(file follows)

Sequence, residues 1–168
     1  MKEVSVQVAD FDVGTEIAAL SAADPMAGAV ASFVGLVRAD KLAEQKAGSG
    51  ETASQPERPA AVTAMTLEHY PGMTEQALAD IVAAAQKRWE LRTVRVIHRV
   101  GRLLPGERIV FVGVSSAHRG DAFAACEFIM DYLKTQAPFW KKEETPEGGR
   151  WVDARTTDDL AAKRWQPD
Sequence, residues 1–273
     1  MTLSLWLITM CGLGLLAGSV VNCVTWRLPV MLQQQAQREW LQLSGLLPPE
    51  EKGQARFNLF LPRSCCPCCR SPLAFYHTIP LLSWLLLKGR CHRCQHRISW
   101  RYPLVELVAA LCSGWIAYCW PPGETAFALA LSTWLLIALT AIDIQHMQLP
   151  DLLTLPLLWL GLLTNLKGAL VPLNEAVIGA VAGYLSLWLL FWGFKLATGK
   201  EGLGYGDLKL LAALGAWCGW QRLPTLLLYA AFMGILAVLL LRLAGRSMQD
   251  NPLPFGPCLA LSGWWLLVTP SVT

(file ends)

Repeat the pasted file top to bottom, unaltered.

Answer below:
Sequence, residues 1–168
     1  MKEVSVQVAD FDVGTEIAAL SAADPMAGAV ASFVGLVRAD KLAEQKAGSG
    51  ETASQPERPA AVTAMTLEHY PGMTEQALAD IVAAAQKRWE LRTVRVIHRV
   101  GRLLPGERIV FVGVSSAHRG DAFAACEFIM DYLKTQAPFW KKEETPEGGR
   151  WVDARTTDDL AAKRWQPD
Sequence, residues 1–273
     1  MTLSLWLITM CGLGLLAGSV VNCVTWRLPV MLQQQAQREW LQLSGLLPPE
    51  EKGQARFNLF LPRSCCPCCR SPLAFYHTIP LLSWLLLKGR CHRCQHRISW
   101  RYPLVELVAA LCSGWIAYCW PPGETAFALA LSTWLLIALT AIDIQHMQLP
   151  DLLTLPLLWL GLLTNLKGAL VPLNEAVIGA VAGYLSLWLL FWGFKLATGK
   201  EGLGYGDLKL LAALGAWCGW QRLPTLLLYA AFMGILAVLL LRLAGRSMQD
   251  NPLPFGPCLA LSGWWLLVTP SVT